What do you look for when you’re reviewing?

Reviewing is an important part of Writer’s Carnival. It’s one of the first things we try and get all the new members to do, and it is what makes this a fantastic writing community to be a part of.

We do have a few rules that go along with reviewing. Three reviews for every post you want to put up. No copy-and-paste reviews. We really frown on generic reviews that only say “I like it!” or “Worst. Post. Ever.” We want out members to be as specific as possible. What worked for you in a poem? What part of the story made you struggle or threw you off? Why do we want you to be specific? Because it is a site for writers to improve their craft. We don’t expect anyone to come in here writing bestsellers out of the gate, and there is no expectation that work posted here is in any way flawless. If it was, well, you wouldn’t need us, now would you?

I know for myself, I tend to look for SPaG (Spelling, Punctuation, and Grammar) first. If I was more disciplined, I’d be better at reading through an entire piece first before going back to make my comments. But, there’s this little editorial demon sitting on my shoulder that likes to jump up and down and scream and point and shout and the only way to shut him up is by making notes. So I make some notes. When there’s a repeated pattern of abuse I’ll draw attention to the pattern, and try not to focus so much on individual incidences. This is where I notice how often an author uses that, had, very, or just. Is the author of the piece repeating phrases, or using dialogue tags in the wrong places? Is the author consistent with point-of-view and tenses?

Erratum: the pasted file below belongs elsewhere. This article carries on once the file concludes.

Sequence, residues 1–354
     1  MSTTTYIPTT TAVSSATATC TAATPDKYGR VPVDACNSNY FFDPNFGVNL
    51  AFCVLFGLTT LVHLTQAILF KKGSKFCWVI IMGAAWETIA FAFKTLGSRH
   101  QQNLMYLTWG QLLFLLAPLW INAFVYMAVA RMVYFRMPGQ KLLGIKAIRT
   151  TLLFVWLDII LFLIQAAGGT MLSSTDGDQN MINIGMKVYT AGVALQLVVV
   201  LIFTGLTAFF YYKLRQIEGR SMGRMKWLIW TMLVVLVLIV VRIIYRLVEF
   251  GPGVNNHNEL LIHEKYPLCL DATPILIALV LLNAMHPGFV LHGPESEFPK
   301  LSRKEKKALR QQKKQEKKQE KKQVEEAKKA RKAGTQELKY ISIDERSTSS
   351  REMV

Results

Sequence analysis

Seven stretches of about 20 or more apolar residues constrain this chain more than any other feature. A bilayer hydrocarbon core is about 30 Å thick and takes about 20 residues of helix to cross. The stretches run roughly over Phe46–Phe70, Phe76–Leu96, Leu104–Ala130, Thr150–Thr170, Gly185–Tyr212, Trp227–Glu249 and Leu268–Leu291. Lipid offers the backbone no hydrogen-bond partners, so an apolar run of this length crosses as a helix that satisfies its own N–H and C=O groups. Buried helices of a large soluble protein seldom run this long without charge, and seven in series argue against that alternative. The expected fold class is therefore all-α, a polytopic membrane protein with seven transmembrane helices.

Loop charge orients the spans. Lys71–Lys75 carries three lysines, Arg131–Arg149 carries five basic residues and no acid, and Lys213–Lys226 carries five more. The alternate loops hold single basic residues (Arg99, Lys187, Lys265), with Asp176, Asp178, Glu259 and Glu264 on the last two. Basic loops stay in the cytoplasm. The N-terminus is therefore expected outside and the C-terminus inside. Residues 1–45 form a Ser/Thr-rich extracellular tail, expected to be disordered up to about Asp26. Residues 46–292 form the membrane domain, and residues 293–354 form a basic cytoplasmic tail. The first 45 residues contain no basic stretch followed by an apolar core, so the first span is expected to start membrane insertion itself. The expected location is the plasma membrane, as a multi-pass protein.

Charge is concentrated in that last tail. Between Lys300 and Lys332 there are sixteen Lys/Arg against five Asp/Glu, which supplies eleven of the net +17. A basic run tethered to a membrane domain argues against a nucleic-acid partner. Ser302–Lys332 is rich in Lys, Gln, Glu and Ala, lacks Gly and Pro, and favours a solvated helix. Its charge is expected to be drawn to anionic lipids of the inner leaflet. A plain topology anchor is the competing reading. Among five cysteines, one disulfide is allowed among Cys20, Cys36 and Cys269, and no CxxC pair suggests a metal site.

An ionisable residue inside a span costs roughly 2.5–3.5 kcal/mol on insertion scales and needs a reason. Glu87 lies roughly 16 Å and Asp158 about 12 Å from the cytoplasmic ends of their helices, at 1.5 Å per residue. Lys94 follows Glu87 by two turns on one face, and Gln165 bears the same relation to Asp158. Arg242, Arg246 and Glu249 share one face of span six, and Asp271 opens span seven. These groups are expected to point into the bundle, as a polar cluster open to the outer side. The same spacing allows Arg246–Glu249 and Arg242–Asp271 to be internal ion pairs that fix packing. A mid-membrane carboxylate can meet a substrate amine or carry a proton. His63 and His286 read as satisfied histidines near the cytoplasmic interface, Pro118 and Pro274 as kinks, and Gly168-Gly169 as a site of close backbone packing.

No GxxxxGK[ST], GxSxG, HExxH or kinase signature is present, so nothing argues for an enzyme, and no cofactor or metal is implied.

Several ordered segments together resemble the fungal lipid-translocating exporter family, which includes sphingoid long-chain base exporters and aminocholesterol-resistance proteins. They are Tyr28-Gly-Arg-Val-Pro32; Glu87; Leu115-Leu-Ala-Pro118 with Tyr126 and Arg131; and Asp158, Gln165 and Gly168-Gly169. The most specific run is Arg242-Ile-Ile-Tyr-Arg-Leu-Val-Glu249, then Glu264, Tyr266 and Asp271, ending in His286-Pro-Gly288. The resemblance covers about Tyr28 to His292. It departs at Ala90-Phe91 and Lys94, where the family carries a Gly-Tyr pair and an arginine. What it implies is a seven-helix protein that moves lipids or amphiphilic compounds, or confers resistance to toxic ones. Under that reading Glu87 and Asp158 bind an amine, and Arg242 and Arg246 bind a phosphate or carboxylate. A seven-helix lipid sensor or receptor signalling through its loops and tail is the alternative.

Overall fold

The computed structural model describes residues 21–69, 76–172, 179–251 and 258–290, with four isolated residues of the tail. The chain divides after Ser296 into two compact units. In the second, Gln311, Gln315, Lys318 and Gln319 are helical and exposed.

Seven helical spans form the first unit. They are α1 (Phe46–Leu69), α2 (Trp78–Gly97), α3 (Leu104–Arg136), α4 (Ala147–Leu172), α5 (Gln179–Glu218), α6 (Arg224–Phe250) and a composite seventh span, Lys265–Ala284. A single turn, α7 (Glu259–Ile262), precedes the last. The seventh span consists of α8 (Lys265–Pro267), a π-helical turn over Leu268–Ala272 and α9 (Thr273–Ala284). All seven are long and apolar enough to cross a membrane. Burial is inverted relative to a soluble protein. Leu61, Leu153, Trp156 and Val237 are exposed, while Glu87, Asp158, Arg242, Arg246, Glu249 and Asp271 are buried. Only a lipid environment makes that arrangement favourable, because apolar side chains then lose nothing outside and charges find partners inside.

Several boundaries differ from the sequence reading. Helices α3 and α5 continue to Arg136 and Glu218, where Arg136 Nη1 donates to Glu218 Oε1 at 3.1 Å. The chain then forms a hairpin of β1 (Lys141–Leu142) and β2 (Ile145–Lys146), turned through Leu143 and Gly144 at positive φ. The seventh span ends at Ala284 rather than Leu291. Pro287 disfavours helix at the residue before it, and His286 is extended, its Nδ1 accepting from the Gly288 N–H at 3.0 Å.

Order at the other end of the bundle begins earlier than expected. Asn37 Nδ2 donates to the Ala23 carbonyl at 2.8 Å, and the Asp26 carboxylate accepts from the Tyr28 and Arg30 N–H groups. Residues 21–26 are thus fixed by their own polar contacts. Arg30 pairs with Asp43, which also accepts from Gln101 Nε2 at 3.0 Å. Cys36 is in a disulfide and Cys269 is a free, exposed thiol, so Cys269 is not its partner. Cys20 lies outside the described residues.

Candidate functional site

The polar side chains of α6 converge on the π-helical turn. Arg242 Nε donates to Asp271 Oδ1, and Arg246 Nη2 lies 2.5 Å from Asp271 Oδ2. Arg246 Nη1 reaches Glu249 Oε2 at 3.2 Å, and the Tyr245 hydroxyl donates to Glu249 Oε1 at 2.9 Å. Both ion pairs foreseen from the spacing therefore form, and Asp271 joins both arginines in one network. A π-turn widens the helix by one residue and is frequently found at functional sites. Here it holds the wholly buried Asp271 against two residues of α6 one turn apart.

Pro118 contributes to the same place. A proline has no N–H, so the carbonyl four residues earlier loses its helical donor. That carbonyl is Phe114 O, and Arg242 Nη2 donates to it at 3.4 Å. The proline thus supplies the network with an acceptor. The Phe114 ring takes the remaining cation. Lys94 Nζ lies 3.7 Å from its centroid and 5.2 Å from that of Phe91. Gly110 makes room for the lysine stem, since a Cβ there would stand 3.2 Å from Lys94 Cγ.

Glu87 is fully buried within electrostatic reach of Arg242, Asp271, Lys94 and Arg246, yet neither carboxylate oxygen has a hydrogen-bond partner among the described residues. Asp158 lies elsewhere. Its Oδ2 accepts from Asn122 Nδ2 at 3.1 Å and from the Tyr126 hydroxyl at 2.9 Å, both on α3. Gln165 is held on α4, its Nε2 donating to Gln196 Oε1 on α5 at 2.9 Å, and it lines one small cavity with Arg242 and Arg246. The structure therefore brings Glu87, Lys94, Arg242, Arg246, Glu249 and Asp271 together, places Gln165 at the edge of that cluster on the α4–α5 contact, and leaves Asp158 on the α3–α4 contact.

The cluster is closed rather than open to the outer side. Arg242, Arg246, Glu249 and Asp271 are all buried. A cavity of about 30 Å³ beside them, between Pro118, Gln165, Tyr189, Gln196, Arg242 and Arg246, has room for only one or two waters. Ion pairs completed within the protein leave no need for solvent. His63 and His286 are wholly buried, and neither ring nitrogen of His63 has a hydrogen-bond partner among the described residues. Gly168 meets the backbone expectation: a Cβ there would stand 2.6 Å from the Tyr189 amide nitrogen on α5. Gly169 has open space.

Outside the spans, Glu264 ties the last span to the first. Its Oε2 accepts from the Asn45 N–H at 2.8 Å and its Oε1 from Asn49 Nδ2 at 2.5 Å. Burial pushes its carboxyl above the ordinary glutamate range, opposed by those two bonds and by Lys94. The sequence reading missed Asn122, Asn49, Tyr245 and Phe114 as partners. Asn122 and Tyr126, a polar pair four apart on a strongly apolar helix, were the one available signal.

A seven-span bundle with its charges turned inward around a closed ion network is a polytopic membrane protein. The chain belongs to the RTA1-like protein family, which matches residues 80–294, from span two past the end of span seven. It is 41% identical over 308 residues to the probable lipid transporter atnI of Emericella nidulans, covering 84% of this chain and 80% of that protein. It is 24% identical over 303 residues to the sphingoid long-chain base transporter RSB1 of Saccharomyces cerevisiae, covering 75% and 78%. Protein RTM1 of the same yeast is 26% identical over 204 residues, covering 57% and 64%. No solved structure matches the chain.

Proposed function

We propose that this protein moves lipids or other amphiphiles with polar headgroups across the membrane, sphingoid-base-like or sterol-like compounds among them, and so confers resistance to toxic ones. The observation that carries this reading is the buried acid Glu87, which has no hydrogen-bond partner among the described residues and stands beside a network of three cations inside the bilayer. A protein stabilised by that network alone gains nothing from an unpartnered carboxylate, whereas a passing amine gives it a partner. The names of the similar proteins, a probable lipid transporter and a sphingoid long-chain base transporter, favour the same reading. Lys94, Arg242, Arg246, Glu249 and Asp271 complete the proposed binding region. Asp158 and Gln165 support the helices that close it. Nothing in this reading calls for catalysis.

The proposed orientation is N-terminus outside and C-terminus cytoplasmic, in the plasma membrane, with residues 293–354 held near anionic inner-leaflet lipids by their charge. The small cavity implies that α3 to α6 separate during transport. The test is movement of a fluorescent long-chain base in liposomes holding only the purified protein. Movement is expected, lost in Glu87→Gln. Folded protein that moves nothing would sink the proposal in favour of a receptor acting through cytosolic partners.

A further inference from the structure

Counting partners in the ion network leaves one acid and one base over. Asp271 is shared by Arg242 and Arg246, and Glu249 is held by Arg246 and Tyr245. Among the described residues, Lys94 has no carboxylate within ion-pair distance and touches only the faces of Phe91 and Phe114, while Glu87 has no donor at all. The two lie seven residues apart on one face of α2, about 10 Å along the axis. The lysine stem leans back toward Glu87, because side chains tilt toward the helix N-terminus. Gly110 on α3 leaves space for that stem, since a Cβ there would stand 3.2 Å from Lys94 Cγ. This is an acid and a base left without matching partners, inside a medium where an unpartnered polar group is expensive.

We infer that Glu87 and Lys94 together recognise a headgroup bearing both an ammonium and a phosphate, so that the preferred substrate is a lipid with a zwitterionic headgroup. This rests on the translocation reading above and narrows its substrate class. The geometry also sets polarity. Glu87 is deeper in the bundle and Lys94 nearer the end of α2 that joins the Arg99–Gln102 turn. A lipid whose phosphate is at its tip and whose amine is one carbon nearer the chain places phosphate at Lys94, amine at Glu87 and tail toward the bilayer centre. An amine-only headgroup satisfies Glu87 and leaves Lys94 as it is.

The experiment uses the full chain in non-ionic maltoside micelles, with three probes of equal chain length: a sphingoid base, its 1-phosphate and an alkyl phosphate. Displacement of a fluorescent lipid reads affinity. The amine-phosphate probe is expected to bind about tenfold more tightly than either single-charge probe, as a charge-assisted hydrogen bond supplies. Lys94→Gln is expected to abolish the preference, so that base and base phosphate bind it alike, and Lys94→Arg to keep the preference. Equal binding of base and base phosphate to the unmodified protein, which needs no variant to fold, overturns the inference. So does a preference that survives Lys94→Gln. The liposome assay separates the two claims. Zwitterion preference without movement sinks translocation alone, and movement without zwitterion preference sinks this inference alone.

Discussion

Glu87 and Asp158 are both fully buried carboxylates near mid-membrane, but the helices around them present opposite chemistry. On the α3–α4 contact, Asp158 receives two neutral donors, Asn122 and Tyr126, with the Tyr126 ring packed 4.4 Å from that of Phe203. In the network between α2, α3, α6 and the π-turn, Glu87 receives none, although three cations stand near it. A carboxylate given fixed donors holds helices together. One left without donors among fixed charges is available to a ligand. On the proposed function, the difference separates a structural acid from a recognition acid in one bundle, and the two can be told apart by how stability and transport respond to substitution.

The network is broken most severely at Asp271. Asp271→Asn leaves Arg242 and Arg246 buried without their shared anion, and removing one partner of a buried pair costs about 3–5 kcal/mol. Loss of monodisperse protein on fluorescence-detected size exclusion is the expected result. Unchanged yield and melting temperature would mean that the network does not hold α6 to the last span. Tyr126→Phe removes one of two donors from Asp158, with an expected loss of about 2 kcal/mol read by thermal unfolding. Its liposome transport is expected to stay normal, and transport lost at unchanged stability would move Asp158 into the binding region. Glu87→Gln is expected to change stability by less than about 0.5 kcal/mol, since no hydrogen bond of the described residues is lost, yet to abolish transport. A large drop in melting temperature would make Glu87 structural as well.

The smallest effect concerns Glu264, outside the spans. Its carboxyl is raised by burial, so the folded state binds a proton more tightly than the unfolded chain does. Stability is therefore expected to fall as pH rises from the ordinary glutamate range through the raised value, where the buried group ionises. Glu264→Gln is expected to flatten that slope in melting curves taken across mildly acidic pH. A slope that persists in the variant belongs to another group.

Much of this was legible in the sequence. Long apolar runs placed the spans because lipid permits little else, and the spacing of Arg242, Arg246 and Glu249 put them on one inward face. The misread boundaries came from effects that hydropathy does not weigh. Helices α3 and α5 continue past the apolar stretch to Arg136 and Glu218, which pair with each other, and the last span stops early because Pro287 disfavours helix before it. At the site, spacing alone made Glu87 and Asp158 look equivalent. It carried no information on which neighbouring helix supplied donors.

After SPaG, I look at how the piece is structured. Is the author telling as opposed to showing? How many adverbs are used, and could stronger verbs be used instead? Is the writer giving a lot of unnecessary detail, devoting word count to the inconsequential? For example, is it important to tell the reader that the main character fished in their purse for the key, put it into the lock, turned the key, and opened the door?

Around the same time, I’m looking at inconsistencies that jump out at me. The things that jump out at me, as many people on this site can attest, are booze and weapons. I wouldn’t go so far as to call myself an expert on either, but I know more than the average layman. So if you call a whisky that doesn’t come from Scotland Scotch, I’m going to call you out on it. If your warrior is wielding a ten pound sword, I’m going to call it into question.

Now, I’m not trying to tell anyone else how to structure their reviews, not by a long shot. This is only what I’m looking for, where I spend my time. So what do you look for when you’re reviewing? What are your pet peeves, and where do you find yourself devoting the majority of your time?


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